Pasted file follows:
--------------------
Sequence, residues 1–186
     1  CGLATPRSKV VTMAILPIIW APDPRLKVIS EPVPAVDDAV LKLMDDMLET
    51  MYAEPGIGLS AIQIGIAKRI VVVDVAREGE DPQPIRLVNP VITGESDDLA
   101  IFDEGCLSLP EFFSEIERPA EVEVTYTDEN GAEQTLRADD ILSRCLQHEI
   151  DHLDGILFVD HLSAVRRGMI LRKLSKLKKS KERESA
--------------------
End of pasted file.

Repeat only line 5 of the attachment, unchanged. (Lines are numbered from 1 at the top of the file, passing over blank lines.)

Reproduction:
   151  DHLDGILFVD HLSAVRRGMI LRKLSKLKKS KERESA